Some people treat gift buying as a competitive sport. It can be a particular problem after parents divorce.
Maybe one parent attempts to outdo the other to make them look bad in front of their child. Maybe they do it to win favor with their child. Or perhaps it’s an attempt to compensate for the guilt they feel for doing something that led to the breakup of the marriage and the suffering that has caused their child.
It might not even be a competitive thing. It might just be one parent has more to spend than the other because they have a better-paid job. Regardless of the reason for it all, unequal gift buying can cause problems.
Setting a budget beforehand is one option
For instance, you and your co-parent can each agree to spend no more than $80 on your child’s present this year, or whatever you deem appropriate and fair.
Going in together is another
If you want to buy your child something costly, consider buying it with your ex, as a present from both of you. Not only can this save your budgets, but it can present an important show of unity and reassure your child you can still work together for their benefit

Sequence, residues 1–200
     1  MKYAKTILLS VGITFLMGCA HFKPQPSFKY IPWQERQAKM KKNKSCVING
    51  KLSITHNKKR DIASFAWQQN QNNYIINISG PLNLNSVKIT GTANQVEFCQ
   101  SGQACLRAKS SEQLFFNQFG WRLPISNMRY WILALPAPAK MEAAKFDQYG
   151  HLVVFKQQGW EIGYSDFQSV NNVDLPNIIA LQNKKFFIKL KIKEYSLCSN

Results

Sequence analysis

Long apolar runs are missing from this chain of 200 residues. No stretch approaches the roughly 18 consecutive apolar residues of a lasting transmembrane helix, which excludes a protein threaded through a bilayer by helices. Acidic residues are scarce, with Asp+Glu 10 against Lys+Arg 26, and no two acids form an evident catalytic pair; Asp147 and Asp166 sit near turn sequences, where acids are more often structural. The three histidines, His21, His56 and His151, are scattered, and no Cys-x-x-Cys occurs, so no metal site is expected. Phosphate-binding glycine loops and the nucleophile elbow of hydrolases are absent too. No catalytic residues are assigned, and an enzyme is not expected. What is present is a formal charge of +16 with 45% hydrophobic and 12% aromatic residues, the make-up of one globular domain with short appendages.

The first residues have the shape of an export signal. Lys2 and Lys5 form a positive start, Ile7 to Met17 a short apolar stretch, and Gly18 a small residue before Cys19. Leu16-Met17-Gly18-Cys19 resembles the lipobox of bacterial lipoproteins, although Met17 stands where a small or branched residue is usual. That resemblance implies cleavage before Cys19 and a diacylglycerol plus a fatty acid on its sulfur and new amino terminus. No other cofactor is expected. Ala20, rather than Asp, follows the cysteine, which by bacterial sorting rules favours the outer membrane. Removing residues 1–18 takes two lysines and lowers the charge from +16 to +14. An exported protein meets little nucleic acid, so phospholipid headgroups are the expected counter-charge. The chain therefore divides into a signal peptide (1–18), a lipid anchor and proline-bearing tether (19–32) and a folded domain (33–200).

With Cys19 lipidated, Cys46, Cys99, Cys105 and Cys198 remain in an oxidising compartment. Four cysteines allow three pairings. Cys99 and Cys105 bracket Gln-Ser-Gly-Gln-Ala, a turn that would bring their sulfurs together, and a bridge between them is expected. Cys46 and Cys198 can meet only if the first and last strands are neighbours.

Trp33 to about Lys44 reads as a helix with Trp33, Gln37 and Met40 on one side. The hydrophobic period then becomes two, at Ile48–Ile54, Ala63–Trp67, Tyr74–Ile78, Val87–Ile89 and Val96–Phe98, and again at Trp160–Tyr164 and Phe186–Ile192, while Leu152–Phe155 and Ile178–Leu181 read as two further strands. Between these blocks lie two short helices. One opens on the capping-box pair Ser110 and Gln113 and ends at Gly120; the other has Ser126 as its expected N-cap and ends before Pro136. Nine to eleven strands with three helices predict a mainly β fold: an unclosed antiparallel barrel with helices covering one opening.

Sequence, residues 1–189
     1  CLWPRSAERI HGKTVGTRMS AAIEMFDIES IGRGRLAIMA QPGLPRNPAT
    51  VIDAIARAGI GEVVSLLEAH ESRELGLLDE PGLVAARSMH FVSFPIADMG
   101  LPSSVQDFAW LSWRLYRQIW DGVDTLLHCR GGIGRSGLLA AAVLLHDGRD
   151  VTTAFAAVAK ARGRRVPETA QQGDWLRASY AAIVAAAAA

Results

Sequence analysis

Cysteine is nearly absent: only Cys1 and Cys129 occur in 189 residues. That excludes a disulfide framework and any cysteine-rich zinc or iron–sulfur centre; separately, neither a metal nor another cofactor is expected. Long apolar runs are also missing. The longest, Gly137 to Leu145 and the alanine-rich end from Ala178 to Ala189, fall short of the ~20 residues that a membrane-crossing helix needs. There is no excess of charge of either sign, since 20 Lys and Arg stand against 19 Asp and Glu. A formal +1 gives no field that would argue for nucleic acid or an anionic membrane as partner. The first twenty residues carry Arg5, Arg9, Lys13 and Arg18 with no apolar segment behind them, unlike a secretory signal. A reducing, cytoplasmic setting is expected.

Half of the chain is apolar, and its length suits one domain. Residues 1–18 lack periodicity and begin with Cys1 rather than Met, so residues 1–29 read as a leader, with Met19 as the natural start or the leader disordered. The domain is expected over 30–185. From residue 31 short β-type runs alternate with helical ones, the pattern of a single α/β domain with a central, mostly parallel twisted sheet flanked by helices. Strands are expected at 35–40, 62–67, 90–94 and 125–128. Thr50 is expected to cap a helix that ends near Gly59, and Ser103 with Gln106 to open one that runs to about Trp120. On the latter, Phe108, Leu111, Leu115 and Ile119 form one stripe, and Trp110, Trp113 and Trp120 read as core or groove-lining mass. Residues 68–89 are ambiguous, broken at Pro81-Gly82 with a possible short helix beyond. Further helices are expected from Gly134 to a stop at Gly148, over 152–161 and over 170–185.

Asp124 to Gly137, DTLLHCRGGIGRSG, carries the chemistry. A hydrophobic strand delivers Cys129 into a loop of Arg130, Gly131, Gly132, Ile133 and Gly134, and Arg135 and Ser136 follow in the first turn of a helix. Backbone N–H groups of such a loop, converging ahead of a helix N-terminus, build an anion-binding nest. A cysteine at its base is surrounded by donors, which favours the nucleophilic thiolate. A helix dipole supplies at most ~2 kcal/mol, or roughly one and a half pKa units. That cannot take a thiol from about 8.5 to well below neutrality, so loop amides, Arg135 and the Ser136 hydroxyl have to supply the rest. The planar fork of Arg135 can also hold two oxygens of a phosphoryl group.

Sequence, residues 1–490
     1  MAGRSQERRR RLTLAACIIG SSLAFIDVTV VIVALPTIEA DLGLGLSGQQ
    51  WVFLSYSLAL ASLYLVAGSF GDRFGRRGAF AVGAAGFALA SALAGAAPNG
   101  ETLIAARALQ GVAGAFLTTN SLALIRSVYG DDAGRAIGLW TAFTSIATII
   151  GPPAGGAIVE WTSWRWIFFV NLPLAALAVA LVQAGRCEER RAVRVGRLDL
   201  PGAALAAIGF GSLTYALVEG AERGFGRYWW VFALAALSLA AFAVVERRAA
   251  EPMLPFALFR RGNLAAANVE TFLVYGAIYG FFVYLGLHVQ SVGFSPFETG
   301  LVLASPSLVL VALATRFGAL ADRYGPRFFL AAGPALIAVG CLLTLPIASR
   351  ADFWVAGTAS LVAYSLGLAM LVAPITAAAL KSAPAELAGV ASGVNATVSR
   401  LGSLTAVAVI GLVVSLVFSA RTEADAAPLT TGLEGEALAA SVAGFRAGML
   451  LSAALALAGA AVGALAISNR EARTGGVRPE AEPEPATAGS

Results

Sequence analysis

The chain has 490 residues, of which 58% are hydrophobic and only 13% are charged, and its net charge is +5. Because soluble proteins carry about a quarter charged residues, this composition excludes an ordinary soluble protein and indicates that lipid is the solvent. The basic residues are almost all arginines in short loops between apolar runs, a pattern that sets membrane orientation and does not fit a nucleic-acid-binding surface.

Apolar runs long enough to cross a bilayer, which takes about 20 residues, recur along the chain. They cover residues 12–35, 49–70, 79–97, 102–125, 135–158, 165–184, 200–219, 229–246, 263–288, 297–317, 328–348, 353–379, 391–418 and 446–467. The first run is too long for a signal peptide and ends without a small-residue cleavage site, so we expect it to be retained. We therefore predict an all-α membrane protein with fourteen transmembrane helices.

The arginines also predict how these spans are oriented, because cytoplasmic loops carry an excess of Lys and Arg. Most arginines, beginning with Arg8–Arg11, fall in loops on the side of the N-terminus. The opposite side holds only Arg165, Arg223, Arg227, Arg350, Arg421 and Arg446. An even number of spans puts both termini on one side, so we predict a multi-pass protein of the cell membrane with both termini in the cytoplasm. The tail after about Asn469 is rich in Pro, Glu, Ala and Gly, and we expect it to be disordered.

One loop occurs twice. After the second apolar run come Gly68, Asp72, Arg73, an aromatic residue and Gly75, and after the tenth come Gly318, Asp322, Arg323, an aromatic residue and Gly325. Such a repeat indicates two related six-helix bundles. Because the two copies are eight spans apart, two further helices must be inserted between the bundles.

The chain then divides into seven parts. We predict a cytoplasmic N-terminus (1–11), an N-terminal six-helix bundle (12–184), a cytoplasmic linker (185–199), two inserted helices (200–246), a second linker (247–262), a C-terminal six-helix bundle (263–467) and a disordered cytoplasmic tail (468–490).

Sometimes, an explanation is all that is needed
You do not need to seek parity. If you earn less than your spouse, that will likely continue long beyond this Christmas. Even if your child does not understand your different financial realities now, they will eventually, especially if you take the time to explain it to them.
Demonstrating you are happy for them to receive a better present from their other parent. Or that you do not look down on the other parent for buying a less expensive present can help your child enjoy both your gifts. It’s also a great opportunity to teach them that money is not everything.
Learning more about how to keep your divorce amicable increases the chances that you and your co-parent can work together to form an effective co-parenting team that handles things such as gift-giving with grace.